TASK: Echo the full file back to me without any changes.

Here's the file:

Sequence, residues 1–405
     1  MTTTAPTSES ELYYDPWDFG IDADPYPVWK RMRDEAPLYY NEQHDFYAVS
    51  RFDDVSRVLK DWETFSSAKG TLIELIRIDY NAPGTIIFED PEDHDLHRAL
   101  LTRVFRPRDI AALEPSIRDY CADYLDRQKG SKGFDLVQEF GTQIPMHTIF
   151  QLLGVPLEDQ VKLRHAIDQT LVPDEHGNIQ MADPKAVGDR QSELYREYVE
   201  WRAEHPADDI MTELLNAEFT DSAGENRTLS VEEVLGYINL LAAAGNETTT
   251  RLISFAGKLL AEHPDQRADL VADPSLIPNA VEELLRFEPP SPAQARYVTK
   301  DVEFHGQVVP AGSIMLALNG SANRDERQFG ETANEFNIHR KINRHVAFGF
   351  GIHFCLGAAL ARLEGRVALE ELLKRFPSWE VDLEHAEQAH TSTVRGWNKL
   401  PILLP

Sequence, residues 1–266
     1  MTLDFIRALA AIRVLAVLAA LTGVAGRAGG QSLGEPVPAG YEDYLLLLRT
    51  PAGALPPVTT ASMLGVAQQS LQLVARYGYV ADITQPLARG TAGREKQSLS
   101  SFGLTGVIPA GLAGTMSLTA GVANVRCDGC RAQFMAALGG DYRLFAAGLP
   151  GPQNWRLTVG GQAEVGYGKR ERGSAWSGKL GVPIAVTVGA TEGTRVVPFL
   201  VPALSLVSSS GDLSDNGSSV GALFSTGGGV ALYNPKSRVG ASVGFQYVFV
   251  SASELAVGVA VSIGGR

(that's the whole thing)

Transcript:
Sequence, residues 1–405
     1  MTTTAPTSES ELYYDPWDFG IDADPYPVWK RMRDEAPLYY NEQHDFYAVS
    51  RFDDVSRVLK DWETFSSAKG TLIELIRIDY NAPGTIIFED PEDHDLHRAL
   101  LTRVFRPRDI AALEPSIRDY CADYLDRQKG SKGFDLVQEF GTQIPMHTIF
   151  QLLGVPLEDQ VKLRHAIDQT LVPDEHGNIQ MADPKAVGDR QSELYREYVE
   201  WRAEHPADDI MTELLNAEFT DSAGENRTLS VEEVLGYINL LAAAGNETTT
   251  RLISFAGKLL AEHPDQRADL VADPSLIPNA VEELLRFEPP SPAQARYVTK
   301  DVEFHGQVVP AGSIMLALNG SANRDERQFG ETANEFNIHR KINRHVAFGF
   351  GIHFCLGAAL ARLEGRVALE ELLKRFPSWE VDLEHAEQAH TSTVRGWNKL
   401  PILLP

Sequence, residues 1–266
     1  MTLDFIRALA AIRVLAVLAA LTGVAGRAGG QSLGEPVPAG YEDYLLLLRT
    51  PAGALPPVTT ASMLGVAQQS LQLVARYGYV ADITQPLARG TAGREKQSLS
   101  SFGLTGVIPA GLAGTMSLTA GVANVRCDGC RAQFMAALGG DYRLFAAGLP
   151  GPQNWRLTVG GQAEVGYGKR ERGSAWSGKL GVPIAVTVGA TEGTRVVPFL
   201  VPALSLVSSS GDLSDNGSSV GALFSTGGGV ALYNPKSRVG ASVGFQYVFV
   251  SASELAVGVA VSIGGR